Myspace: March 2009 Archives

As mentioned in this post, this is a program we originally came across way back in July 2008 via a tipoff from an anonymous source. At first, we were a little puzzled as to its purpose and our anonymous source vanished into the ether so no additional information was forthcoming.

All we knew was that it allowed us to browse nothing but Myspace. Specifically, Myspace Groups. When the browser was opened up on the desktop, it would automatically take you to a random Myspace group with no way to enter a different URL, and the display simply showed "previous URL" and "Group ID" in the middle, with a collection of buttons to the left.

"Previous", "Next", "Topics" and "Lottery".

Here is the "Lottery Browser" in action. Note that the browser in its default :

fullbrowser.gif
Click to Enlarge

After a little playing around, we noticed that continually hitting the "Lottery" button would (naturally enough) take you to a different group. Depending on how the groups were set up, some were openly accessible, and some displayed "This is a private group".

However, it's the private groups that were of interest where this browser tool was concerned.

If you hit the "Topics" button and the group had no content in it, you'd see the following popup:

notopics.jpg

If you came across a private group that had posts in it and hit "Topics", this is what you'd see instead:

lott3.gif
Click to Enlarge


All of your private topics are belong to us.

Now, I should stress - in testing, this browser rarely worked. More often than not, it would crash, hang, set the monitor on fire and burn down the house, those kinds of things. However, the potential for data theft (depending on the foolish things people post in "secret" groups"), information harvesting, harassment and plain old creepy voyeurism was still a risk where this "Lottery Browser" was concerned.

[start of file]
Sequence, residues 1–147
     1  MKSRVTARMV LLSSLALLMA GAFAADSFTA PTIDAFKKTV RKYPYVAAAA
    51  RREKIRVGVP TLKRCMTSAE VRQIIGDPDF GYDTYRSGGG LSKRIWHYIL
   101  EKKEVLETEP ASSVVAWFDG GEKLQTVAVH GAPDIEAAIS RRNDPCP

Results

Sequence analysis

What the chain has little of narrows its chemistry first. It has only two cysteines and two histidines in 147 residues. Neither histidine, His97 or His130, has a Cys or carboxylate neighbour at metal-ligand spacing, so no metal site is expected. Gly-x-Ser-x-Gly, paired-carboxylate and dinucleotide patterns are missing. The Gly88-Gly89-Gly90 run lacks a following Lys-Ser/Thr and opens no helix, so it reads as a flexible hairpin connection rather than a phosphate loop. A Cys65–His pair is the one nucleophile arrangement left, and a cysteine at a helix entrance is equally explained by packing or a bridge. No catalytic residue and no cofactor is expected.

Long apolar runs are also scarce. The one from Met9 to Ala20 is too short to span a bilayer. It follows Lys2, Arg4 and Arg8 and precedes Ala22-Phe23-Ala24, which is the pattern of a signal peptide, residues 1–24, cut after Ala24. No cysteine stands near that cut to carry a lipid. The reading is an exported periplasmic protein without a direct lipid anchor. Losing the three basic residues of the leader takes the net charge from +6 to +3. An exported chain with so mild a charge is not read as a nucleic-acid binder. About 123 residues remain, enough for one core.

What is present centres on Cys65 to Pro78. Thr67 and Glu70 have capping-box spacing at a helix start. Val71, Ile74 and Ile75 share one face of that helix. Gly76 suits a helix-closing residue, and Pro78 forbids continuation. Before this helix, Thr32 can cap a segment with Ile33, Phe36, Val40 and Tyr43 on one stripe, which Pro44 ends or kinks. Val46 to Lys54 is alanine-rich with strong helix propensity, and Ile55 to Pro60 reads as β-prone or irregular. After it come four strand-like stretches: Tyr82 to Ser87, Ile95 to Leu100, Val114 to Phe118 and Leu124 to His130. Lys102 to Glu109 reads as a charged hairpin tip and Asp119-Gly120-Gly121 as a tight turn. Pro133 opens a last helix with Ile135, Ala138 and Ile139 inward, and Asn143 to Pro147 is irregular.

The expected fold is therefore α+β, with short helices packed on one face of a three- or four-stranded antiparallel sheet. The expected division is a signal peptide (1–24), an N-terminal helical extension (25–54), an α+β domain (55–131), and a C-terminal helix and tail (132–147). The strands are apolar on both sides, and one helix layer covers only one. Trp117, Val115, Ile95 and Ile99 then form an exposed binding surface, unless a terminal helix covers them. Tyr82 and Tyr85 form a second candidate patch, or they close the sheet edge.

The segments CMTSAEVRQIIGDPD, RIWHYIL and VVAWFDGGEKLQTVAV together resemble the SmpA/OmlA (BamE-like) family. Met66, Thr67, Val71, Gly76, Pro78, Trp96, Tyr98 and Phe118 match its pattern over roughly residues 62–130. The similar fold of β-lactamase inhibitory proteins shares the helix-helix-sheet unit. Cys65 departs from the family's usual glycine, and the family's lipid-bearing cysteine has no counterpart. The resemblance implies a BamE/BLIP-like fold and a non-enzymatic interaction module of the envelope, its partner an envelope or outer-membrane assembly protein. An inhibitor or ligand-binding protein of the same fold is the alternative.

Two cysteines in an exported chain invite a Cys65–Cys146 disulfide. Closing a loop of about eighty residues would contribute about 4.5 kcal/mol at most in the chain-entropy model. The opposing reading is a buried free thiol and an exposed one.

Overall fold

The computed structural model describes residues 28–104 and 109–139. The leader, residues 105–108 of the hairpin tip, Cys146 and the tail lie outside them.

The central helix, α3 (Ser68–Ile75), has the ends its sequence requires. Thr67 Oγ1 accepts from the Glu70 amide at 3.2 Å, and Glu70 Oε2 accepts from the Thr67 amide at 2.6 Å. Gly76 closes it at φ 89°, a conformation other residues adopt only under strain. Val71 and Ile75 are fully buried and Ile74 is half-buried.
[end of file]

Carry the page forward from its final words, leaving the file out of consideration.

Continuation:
We don't know where it came from, and it seemed to die a death shortly afterwards. I'd have thought something like this would have spread like wildfire on the underground circuit, but it vanished almost as quickly as our mysterious tipster.

I suppose we should be thankful...
For a long time, I've been fascinated by what I like to call the "Rogue web browser" - a web browser that abuses the trust we place in our gateway to the web, and subverts its use for something more sinister. Here's a brief potted history of the known examples:

Yapbrowser, April 2006: A web browser that didn't force install, asked permission and displayed a EULA. Unfortunately, it also took you to a webpage pushing hardcore child pornography when you typed in any address into the web-browser.

Safety Browser, May 2006: A web browser that installed without permission via IM, looped a soundfile on your desktop, served you ads via geolocational technology and made your PC more unsafe than it was previously by allowing popups by default.

Browsezilla, June 2006: Allegedly inflated the hitcount of pornographic websites by opening up those pages in a way that the end user couldn't see the pages being opened, linked to sites launching the WMF exploit.

NetBrowserPro, March 2007: Pushed fake media codes, installed a rootkit, preyed on trusted brands.

Well, it's been a while but later on we'll be covering another addition to the list. We actually came across this last July, but as we said here, we didn't go into specifics because

1) We wanted to give Myspace some time to address the problem, which they seem to have done.

2) We didn't want lots of crazy people to go hunting for the program being used, given that Myspace sometimes takes a little while to tackle security issues brought to their attention and

3) Nothing tried to exploit your PC or steal your data, or we'd have released more information sooner. The solution to the problem caused by the program was simply to not post any personal or potentially "sensitive" information to private Myspace groups - if you weren't doing that (and you shouldn't be anyway!) then you had nothing to worry about.

4) The program itself was rather buggy, and had an extremely low rate of success. After exhaustive testing, we only saw it do what it was supposed to do twice. No sense in causing a panic.

At any rate, it's been eight months and the program doesn't appear to work at all now. With that in mind, we'll take a peek a little later on...

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About this Archive

This page is a archive of entries in the Myspace category from March 2009.

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